Workers' Comp

Ask The Pharmacist: Prescription Drug Monitoring Programs

January 13, 2023
3 MIN READ

Cameron Hannum, Pharm.D.

Sr. Clinical Account Pharmacist

How are Prescription Drug Monitoring Programs used when managing or prescribing opioid medications?

Prescription Drug Monitoring Programs (PDMPs) are electronic databases designed to track and monitor controlled substance dispensing. These databases are run at the state level, and the main intent of such programs is to screen for suspected drug diversion (i.e., using drugs for illegal purposes such as selling prescribed medications for profit) and abuse.

Access to each PDMP is determined by the individual state, but they are typically available to health care providers and pharmacists as a means of reviewing a patient’s-controlled substance history regardless of source of dispensing (i.e., pharmacy, clinic, hospital) or form of payment (i.e., cash, insurance claim, etc.). Most states also allow federal, state, and local law enforcement access when needed for investigative purposes, with some state programs housed and operated by a law enforcement agency (California, Hawaii, New Jersey, Oklahoma, Pennsylvania, Texas). Patients may access their own information in most states, with other types of authorized users varying state-to-state. Six states (Arizona, Ohio, Montana, North Dakota, Utah, Washington) include workers’ comp specialists as authorized recipients of PDMP data.

Prescription data is uploaded to the databases by dispensers at different intervals depending on state regulations, with timelines ranging from “point of sale” (i.e., within five minutes) to daily, to every 72 hours, to weekly, to bi-weekly. PDMPs can be accessed or queried by authorized users to check a patient’s prescription-controlled substance history, but they can also be used by states to analyze overall trends and areas of concern, including inappropriate prescribing patterns. Many states actively manage the PDMP data by sending initiative-taking “unsolicited reports” to providers and other entities when patients meet certain criteria identifying them as at risk for abuse, misuse, or overdose.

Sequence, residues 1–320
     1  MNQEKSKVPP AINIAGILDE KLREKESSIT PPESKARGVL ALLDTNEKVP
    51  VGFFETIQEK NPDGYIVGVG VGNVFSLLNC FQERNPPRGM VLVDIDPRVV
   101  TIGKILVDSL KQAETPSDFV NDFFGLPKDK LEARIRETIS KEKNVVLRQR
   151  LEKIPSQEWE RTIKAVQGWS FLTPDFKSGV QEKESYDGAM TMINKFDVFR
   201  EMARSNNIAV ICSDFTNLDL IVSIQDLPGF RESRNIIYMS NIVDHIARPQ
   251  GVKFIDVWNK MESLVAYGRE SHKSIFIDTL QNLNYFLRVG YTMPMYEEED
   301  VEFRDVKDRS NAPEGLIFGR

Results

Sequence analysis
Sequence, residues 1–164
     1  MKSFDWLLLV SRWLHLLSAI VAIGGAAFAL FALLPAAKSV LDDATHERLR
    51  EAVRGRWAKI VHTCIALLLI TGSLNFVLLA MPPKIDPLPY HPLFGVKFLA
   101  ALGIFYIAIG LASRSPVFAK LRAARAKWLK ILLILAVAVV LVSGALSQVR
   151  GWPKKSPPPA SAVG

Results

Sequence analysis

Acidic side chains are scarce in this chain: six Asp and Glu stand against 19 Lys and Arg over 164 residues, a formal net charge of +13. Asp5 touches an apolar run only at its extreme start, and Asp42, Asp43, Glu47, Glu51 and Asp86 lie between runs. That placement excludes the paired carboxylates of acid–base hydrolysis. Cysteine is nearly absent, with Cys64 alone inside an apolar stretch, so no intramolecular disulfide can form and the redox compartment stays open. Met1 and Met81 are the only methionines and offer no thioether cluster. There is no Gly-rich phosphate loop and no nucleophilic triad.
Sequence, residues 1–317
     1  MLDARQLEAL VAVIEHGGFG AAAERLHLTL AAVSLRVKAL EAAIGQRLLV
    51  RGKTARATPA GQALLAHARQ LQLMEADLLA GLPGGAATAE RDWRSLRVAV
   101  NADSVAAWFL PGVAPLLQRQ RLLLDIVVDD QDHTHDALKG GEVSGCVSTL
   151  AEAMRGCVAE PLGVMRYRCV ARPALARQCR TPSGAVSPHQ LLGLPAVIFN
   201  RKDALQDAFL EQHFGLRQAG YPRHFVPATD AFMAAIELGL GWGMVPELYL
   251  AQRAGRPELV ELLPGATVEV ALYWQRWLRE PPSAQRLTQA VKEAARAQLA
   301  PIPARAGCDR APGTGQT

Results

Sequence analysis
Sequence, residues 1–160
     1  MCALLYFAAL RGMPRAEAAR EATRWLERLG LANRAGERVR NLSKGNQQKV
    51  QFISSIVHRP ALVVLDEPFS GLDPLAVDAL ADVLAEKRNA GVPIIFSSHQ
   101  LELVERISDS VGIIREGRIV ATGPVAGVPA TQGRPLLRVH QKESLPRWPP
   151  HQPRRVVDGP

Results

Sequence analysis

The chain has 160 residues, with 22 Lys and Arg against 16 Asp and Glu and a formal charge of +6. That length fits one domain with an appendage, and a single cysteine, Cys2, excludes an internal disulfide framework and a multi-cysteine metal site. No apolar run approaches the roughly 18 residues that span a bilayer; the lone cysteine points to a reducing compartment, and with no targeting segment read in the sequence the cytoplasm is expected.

As of December 2022, there are 54 operational PDMPs in the United States (49 states; St. Louis County Missouri; the District of Columbia; and three U.S. territories—Guam, the Northern Mariana Islands and Puerto Rico). Missouri is the last state to enact a PDMP. Furthering the efforts of state PDMPs, the National Association of Boards of Pharmacy (NABP) provides a means for secure exchange of prescription data across state lines for participating state prescription monitoring programs. NABP and Appriss Health’s technology PMP InterConnect celebrated its 10th anniversary in 2021 and facilitates data sharing to 52 of the 54 PDMPs in the U.S. and its territories with greater than 400 million interstate transactions processed each month.

PDMPs can be a useful tool for mitigating risk and for informing prescribing decisions to drive towards best practices. Prescribers who are considering opioids or other controlled substance medications for their patient should be encouraged to check their state’s PDMP prior to initiating opioid therapy and periodically throughout treatment in accordance with clinical guidelines. More information on state PDMPs may be found on individual state websites and on the websites for the National Alliance for Model State Drug Laws (NAMSDL) and the Prescription Drug Monitoring Program Training and Technical Assistance Center (PDMP TTAC).

Do you have a workers’ compensation or auto related pharmacy question? Send us an email at AskThePharmacist@mitchell.com.

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References:

www.namsdl.org
www.nabp.pharmacy
https://nabp.pharmacy/news/news-releases/appriss-health-and-nabp-celebrate-10th-anniversary-of-pmp-interconnect/  
https://www.pdmpassist.org/